Where is Bhutan?

The Kingdom of Bhutan is a landlocked country high up in the Himalayas between Tibet and India. From West to East it is about 300 kilometers (km) long while it runs 150 km north to south. With an area of about 46,500 square kilometers (roughly the size of Switzerland), its GPS Coordinates are between longitudes 88045' and 92010' East and latitudes 26040' and 28015' North. It is bounded by India in the South and South-West while in the North and North-West the Tibetan autonomous region of China borders Bhutan.

Virtually the entire country is mountainous, and ranges in elevation from 100 m along the Indian border to the 7,554 m Kulagangri peak on the Tibetan border. These two extremes frame a landscape which stretches from sub-tropical to arctic like conditions.

Location of Bhutan

*. Bhutan is divided into 20 Districts, called Dzongkhags.

Bhutan Drainage/River system:

Rivers play an important role in Bhutan's physical, economic, social and cultural geography. In their upper reaches, most Bhutanese rivers have created large fertile valleys such as those of Paro, Punakha, Thimphu and Bumthang. As the rivers pass through the centre of Bhutan, the valleys become steeper and narrower, and roads have to climb high on the hillside. The principal rivers of the country are; South Bhutan-Ammo Chhu; West Bhutan- Paro Chhu, Wang Chhu, Punatsang Chhu, Pho Chhu, Mo Chhu; Central & East Bhutan- Dangme Chhu (Manas Chhu), Mangde Chhu, and Changkhar Chhu. You must be guessing 'Chhu' means water or river. And you would be right.

Bhutan Kayaking and Rafting:

These tours come under Bhutan Rebirth's Special Interest Tours and you will have to write to us directly at bhutanrebirth@gmail.com. The clean and clear rivers of Bhutan are one of the kingdom’s best kept open secrets. Fed by the Eastern Himalayas, the six rivers (Wang Chhu, Sunkosh, Puna Tsang Chhu, Mangde Chhu, Kuri Chhu and Dangme Chhu and their tributaries) have been scouted for kayaking and rafting. They cut through high valleys and low plains to meet up with the Brahmaputra River in India. The natural setting and the sheer variety of the rivers’ courses makes up for a unique opportunity to explore Bhutan’s beautiful wilderness. It is more than a teaser and an invitation to anyone interested in adventure travels. The rivers are plentiful with high currents and depths reaching a maximum of about five meters; at places it passes gently on and in others the rivers rage through loudly, dominating the environs. Although adventure sports and tourism are relatively recent introductions, it is gaining on in popularity. The sport offers something for everyone: There is easy rafting for beginners and hair-raising runs for the veterans. Besides the rafts and the kayaks, Bhutan Rebirth also organise walking and trekking expeditions along the scenic river banks. The best time for rafting and kayaking is from March to April and November to December. If you are interested in Rafting and Kayaking, Bhutan Rebirth can arrange for these "Special Interest" Tours.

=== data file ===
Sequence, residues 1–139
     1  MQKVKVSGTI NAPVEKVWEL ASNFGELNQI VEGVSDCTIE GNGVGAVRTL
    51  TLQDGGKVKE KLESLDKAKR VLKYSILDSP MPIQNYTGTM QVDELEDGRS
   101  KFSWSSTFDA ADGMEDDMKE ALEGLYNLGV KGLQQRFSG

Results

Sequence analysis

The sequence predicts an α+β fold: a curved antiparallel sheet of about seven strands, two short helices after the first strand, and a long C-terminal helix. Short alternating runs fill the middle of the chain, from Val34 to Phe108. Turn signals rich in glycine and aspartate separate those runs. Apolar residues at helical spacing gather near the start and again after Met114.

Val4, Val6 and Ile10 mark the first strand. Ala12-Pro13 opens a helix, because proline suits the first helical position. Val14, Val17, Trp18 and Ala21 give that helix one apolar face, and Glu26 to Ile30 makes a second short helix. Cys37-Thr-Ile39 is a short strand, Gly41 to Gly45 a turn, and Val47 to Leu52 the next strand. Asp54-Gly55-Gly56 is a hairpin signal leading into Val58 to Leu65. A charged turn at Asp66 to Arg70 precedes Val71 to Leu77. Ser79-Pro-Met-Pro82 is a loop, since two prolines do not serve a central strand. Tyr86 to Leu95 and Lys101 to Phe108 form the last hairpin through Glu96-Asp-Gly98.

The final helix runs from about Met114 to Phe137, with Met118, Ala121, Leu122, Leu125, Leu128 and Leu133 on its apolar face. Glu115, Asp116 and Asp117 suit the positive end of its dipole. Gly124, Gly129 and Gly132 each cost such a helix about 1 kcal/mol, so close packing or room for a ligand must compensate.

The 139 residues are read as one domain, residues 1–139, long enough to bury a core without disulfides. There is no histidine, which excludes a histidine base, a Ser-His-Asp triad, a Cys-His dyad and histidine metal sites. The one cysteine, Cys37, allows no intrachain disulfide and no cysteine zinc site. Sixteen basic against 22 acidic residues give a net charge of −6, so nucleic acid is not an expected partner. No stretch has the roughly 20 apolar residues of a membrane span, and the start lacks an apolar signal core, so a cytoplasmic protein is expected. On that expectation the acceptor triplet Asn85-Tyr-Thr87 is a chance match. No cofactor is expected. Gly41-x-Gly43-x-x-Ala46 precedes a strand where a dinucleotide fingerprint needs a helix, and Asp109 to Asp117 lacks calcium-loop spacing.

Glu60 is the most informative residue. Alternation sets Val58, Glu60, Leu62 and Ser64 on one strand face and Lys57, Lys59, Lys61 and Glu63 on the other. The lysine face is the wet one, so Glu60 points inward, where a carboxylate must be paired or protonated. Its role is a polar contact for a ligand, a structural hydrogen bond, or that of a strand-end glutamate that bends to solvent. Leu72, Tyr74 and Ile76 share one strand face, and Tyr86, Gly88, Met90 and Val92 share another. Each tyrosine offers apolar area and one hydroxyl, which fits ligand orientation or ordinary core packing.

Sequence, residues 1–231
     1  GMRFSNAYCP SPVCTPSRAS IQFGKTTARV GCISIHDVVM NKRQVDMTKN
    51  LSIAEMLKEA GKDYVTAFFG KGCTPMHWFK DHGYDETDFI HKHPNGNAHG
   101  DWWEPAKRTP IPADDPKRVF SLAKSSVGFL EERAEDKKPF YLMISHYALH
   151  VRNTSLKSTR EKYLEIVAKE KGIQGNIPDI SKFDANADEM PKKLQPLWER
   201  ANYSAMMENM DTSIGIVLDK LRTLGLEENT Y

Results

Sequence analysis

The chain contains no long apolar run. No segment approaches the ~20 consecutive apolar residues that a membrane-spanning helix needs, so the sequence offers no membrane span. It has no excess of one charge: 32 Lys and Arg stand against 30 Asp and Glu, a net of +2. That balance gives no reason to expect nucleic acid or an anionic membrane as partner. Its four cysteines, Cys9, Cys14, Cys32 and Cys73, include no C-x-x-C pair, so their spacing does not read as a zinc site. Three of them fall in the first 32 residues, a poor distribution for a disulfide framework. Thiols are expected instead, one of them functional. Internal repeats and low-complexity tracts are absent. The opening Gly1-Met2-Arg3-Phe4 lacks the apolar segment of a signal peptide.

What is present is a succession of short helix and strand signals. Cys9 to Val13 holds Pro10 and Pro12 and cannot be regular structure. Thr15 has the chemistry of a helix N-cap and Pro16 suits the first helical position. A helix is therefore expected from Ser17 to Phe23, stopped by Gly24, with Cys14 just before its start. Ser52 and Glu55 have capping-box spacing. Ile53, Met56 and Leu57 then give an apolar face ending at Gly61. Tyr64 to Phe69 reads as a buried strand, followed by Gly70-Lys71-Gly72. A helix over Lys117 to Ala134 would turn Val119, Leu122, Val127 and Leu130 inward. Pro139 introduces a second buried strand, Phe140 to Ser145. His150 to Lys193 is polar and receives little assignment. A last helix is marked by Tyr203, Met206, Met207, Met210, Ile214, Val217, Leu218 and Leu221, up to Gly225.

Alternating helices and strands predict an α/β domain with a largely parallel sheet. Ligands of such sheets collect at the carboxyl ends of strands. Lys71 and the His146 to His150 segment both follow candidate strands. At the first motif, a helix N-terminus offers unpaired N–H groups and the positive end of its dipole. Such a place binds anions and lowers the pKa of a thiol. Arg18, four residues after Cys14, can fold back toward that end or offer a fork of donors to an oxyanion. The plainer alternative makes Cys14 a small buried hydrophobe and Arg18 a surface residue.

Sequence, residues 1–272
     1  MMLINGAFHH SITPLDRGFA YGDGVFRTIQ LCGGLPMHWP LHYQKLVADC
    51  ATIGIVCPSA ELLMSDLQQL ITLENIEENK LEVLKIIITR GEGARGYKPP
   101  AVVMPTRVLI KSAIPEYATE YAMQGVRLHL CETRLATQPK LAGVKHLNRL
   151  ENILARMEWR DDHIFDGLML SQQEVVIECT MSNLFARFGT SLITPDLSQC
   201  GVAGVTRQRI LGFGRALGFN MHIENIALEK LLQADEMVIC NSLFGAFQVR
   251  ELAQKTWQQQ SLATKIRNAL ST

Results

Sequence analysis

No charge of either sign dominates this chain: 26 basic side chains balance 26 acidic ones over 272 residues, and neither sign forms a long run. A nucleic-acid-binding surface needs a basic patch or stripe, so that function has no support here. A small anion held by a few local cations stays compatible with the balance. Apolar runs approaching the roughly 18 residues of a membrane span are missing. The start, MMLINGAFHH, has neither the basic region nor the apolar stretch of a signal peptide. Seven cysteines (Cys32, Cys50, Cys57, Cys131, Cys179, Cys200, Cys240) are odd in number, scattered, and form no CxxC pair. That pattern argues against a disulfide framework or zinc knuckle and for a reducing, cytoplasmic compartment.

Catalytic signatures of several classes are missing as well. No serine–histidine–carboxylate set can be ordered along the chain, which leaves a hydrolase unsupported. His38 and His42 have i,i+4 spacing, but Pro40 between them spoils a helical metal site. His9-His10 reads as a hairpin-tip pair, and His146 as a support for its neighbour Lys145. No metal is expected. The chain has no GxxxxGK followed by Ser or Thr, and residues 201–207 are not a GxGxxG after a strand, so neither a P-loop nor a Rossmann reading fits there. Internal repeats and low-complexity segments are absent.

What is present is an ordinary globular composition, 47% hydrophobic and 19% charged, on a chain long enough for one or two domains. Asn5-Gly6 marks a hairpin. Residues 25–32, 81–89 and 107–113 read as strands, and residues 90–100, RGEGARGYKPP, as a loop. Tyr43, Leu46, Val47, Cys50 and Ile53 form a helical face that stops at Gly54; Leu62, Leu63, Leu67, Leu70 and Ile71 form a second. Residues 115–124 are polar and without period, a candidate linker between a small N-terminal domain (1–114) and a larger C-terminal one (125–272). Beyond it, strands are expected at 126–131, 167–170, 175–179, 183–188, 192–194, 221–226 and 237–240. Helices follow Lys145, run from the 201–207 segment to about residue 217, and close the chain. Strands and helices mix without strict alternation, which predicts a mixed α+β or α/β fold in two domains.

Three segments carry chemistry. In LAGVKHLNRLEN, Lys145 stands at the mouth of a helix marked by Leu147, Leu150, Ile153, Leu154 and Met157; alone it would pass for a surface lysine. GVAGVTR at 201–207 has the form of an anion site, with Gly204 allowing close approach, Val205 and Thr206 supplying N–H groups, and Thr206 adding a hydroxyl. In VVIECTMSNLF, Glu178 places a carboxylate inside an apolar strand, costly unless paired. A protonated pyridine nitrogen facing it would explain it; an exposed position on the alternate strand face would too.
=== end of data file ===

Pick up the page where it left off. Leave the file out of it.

• Bhutanese rafting and kayaking guides are well trained and will do everything to ensure that you enjoy the adventures minus the risks.
• The rivers of Bhutan were first graded for water sports in 1997 by the experienced duo Gerry Mofatt and Peter Knowles at the invitation of the Royal Government, under the erstwhile Department of Tourism to survey potential routes.
• They trained the first batch of Bhutanese river-guides and conducted surveys.
• Since then, other rivers have been surveyed including the Punatsang Chhu, Manas and Amo Chhu.
• TCB guidelines ensure that all operators use well maintained professional equipment and a reasonable guide-client ratio

Bhutan Climate:

Bhutan's climate varies widely depending upon elevation. In the southern region it is tropical, with a monsoon season and the eastern part is warmer than the west. The central valleys of Punakha, Wangduephodrang, Mongar, Trashigang and Lhuentse enjoy a semi-tropical climate with cool winters, whereas Paro, Thimphu, Trongsa and Bumthang have a relatively harsher climate including snowfall in the winter. In the valleys where most tourist activities are concentrated, the winters (mid-November to mid-March) are dry with daytime temperatures of 16 – 18 degree centigrade while evening and early morning are cold with night time temperatures sometimes falling below zero.

Spring lasts from mid-March to the beginning of June, with temperatures warming gradually to 27-29 degree centigrade by day and about 18 degree centigrade at night. However, cold spells are possible up until the end of April, with a chance of new snow on the mountains above the valleys. Strong, gusty winds start blowing almost everyday from noon to early evening . The first storms break and become more and more frequent with the approach of the monsoon which arrives in mid-June. The country receives abundant rain especially in the south, as it gets the full face of monsoon coming from the Bay of Bengal to which the mountains form a barrier. At the end of September, after the last of the big rains, autumn suddenly arrives and the sky gets clearer, a brisk breeze picks up and temperature starts falling towards freezing at night although bright sunshine continues to keep the days warm. Autumn is a magnificent season that lasts until mid-November and it is the best time to visit this fascinating mountain Kingdom.

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